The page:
As if she
were you, she
held my hand
in hers,
the skin,
the lines
that led nowhere.
She guessed,
saw in
my eyes then
the lost
at me
for you.

As a magician, I performed at birthday parties and convention shows (such as one for Chateau Cartier Wines), and as a freelance broadcaster coproduced the CBC radio special Houdini in Canada, among other programs. Work on the special introduced me to James Randi, Houdini's successor as magician, escape artist, and investigator of spiritualist mediums and psychics and a man who is still a great friend and mentor. The research also initiated my role as paranormal investigator (my best-known persona) when we commissioned a spiritualist medium to conduct a séance in a CBC studio and try to contact Houdini's spirit. When work on the program also took me to the Houdini Magical Hall of Fame in Niagara Falls, Ontario, I came away with the job of resident magician, moving there to work in the summer of 1970 and each of the next two seasons.

Niagara Falls was a carnival in its own right. I often stood among its lights, colors, and sounds and looked across the gorge to the country I could not visit. Usually I was happy to be where I was. However, the year before, my grandfather Nickell had died, and the FBI—no doubt tipped off by someone back home—thought I might show up for the funeral. That there were agents in town seeking to arrest me we learned from Sheriff Jim Phipps, who tipped off my father. That fact was long a family secret which (those involved now being deceased) I'm telling publicly for the first time.

My first summer at Houdini's was very profitable, made even more so by my creation of the museum's Houdini Magic Kit. This enabled me to travel with a girlfriend for a few months in Europe, Asia, and North Africa. In London we saw the British Magic Circle's Christmas show; in Paris a nighttime fire-breathing and chain-escape performance; in Istanbul a "dancing"

bear; in Tehran and Herat much cultural magic; in Barcelona a charming little old street conjurer; and, in Marrakech a variety of entertainments including snake charming.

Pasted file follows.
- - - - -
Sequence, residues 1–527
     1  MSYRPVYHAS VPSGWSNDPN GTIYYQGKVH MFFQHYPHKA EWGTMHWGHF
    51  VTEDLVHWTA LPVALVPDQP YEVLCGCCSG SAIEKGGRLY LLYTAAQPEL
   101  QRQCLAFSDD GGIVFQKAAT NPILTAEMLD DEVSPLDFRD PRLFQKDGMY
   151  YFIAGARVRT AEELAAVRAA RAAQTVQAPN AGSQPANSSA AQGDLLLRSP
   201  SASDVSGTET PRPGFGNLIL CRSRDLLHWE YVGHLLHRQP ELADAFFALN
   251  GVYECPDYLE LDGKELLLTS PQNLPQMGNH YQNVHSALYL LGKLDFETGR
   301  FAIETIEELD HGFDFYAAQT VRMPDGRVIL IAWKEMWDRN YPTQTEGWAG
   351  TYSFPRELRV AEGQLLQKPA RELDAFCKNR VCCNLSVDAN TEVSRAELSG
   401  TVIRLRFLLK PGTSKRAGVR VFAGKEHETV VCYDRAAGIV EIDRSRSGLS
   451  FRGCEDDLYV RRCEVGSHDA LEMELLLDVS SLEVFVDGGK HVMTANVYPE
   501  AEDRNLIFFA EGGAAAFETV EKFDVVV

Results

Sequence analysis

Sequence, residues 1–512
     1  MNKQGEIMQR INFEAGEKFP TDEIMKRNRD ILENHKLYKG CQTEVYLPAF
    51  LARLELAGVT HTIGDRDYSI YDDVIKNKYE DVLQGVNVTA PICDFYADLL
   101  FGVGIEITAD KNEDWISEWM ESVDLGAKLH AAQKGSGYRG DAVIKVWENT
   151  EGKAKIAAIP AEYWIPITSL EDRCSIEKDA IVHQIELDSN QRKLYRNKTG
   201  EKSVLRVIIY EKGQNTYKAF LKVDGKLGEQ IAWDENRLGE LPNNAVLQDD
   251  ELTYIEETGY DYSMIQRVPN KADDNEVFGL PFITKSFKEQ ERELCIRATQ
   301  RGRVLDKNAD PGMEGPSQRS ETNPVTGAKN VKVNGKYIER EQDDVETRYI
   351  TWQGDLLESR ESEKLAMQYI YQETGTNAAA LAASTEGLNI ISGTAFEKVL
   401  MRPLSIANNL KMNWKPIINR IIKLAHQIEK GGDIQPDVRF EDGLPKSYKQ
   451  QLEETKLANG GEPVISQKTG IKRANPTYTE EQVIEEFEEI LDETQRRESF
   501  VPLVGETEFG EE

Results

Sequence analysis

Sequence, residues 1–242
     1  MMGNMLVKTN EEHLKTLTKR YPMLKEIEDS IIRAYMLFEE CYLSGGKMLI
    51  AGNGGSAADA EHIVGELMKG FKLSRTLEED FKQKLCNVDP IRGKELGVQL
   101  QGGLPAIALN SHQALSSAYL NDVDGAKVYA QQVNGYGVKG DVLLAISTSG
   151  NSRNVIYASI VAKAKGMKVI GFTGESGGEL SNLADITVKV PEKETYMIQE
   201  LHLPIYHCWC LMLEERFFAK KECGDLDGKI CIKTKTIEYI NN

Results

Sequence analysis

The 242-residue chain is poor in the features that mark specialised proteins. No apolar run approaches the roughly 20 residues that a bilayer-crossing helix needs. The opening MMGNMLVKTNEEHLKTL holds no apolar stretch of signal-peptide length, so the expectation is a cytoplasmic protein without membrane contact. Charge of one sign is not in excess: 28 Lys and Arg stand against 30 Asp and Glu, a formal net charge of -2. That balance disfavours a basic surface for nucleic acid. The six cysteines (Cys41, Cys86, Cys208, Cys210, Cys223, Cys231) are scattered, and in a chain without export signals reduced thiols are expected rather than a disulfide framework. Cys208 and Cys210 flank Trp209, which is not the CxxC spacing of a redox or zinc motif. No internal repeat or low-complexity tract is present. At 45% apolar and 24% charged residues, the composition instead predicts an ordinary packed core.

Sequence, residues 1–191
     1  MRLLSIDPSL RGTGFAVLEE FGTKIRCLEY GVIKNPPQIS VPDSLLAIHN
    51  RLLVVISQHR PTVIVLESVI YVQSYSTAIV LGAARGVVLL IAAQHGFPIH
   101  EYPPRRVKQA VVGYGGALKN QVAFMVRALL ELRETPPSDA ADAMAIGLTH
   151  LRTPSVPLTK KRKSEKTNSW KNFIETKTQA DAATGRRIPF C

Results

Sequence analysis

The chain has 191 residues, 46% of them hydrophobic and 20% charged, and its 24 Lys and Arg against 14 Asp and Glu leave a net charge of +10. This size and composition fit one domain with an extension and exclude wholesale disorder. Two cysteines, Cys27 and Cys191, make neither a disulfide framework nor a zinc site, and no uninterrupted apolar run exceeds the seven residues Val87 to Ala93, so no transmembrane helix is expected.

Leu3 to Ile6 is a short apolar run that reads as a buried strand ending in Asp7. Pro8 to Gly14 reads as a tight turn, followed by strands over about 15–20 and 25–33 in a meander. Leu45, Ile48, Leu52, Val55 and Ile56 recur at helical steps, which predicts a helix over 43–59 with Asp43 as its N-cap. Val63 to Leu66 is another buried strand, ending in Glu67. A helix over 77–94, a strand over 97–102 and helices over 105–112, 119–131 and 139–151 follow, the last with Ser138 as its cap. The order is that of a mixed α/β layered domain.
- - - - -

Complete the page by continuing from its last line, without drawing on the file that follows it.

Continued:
Having summer employment taken care of, I filled in the remainder of the year by performing on the Toronto school circuit with a charity group called Inner City Angels. The idea was to provide cultural enrichment for disadvantaged children. We did not perform as a troupe; rather, schools chose which of the Angels' performers to bring in. I began as Janus the Magician but also created, for the youngest children, Mister Twister the Magic Clown, a character with zig-zag tie, crooked glasses, and bent top hat who twisted balloons into animal shapes and attempted magic tricks that always backfired. For middle-school students I became Mendell the Mentalist, performing a mind-reading act but then confessing it was all a trick, in order to teach critical thinking.

In addition to being a magician, I also became a copublisher and art director of an alternative newspaper that debuted in mid-1971; whimsically named Tabloid, it was said by a Toronto Globe & Mail columnist to be possibly the best-written newspaper in Canada, which may explain why it lasted only a few issues. I was also coproprietor of a coffeehouse, Soft Cell, another short-lived venture, and there and elsewhere occasionally did a set as a poet, or folk singer, or both. I became a songwriter (although my early output was meager), a sometimes media-interviewee, and a columnist for the Society of Canadian Magicians' publication the Levitator. I also read about, researched, and otherwise prepared for some potential future roles.

Mostly all went well, except my restless lifestyle seemed to lead me too often into excess. I was a shameful womanizer, excessive drinker, occasional barroom brawler. One night two fellows were insulting women friends at my table and generally looking for trouble, so I obliged them. At one's dare, I smashed him in the face and, holding his head against the table, was hitting him repeatedly as the other guy tried to get at me. Friends of mine took care of him, and soon the waiters broke up the fight, ousted the troublemakers, then turned to me. They stapled my torn shirt, replaced my drink, and brought an ice pack for my injured fist.

As luck would have it, my hand was broken, but the fortune was not all bad. True, I had won the battle but lost the war, so to speak; however, there was a plus to the situation. During that time I had been teaching magic workshops at Sunny View, a school for the handicapped, attempting, with Norm Houghton's brilliant suggestions, to teach magic to children who lacked arms or had other disabilities. The irony was perfect: now, however briefly, I, a prestidigitating artiste, was one of them, struggling to do magical effects with a single hand, and my left one at that. I quickly decided that the improved rapport there was worth the price.